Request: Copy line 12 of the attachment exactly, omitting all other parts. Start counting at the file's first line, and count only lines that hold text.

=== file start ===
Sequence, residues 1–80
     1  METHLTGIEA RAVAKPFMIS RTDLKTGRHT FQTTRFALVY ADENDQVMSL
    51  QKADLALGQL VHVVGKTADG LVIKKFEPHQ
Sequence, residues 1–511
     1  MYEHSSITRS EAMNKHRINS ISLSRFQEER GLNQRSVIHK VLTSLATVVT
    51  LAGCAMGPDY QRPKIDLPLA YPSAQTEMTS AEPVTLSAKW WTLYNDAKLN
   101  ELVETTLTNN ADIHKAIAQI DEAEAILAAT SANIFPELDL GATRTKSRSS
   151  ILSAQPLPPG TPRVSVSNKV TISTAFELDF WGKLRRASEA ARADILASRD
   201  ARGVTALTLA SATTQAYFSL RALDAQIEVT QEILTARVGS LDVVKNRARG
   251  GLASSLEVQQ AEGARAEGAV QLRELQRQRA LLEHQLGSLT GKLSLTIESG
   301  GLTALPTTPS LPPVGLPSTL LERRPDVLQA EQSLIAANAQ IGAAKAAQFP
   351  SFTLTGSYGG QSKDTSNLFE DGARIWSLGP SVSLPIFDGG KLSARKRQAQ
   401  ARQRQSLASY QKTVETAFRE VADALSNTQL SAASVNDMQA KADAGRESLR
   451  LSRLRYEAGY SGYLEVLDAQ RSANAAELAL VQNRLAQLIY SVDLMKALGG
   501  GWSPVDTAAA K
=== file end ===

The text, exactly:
   351  SFTLTGSYGG QSKDTSNLFE DGARIWSLGP SVSLPIFDGG KLSARKRQAQ